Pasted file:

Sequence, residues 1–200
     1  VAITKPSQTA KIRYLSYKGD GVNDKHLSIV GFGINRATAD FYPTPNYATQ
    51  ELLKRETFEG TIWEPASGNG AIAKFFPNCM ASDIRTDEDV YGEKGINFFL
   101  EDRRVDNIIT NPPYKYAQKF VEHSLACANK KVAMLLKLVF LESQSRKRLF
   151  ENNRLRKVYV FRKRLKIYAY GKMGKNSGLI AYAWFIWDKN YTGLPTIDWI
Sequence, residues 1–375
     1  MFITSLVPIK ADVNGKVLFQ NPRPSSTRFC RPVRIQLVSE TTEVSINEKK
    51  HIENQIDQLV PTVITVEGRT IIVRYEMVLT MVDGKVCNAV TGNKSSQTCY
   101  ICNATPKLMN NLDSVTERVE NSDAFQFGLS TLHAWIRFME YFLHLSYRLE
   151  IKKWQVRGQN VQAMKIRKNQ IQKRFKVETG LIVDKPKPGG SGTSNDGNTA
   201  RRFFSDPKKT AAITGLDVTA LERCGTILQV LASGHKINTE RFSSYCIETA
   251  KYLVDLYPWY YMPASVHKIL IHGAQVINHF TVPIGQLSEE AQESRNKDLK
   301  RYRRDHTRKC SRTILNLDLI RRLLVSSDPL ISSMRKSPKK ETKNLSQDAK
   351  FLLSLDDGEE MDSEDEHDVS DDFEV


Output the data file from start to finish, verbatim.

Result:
Sequence, residues 1–200
     1  VAITKPSQTA KIRYLSYKGD GVNDKHLSIV GFGINRATAD FYPTPNYATQ
    51  ELLKRETFEG TIWEPASGNG AIAKFFPNCM ASDIRTDEDV YGEKGINFFL
   101  EDRRVDNIIT NPPYKYAQKF VEHSLACANK KVAMLLKLVF LESQSRKRLF
   151  ENNRLRKVYV FRKRLKIYAY GKMGKNSGLI AYAWFIWDKN YTGLPTIDWI
Sequence, residues 1–375
     1  MFITSLVPIK ADVNGKVLFQ NPRPSSTRFC RPVRIQLVSE TTEVSINEKK
    51  HIENQIDQLV PTVITVEGRT IIVRYEMVLT MVDGKVCNAV TGNKSSQTCY
   101  ICNATPKLMN NLDSVTERVE NSDAFQFGLS TLHAWIRFME YFLHLSYRLE
   151  IKKWQVRGQN VQAMKIRKNQ IQKRFKVETG LIVDKPKPGG SGTSNDGNTA
   201  RRFFSDPKKT AAITGLDVTA LERCGTILQV LASGHKINTE RFSSYCIETA
   251  KYLVDLYPWY YMPASVHKIL IHGAQVINHF TVPIGQLSEE AQESRNKDLK
   301  RYRRDHTRKC SRTILNLDLI RRLLVSSDPL ISSMRKSPKK ETKNLSQDAK
   351  FLLSLDDGEE MDSEDEHDVS DDFEV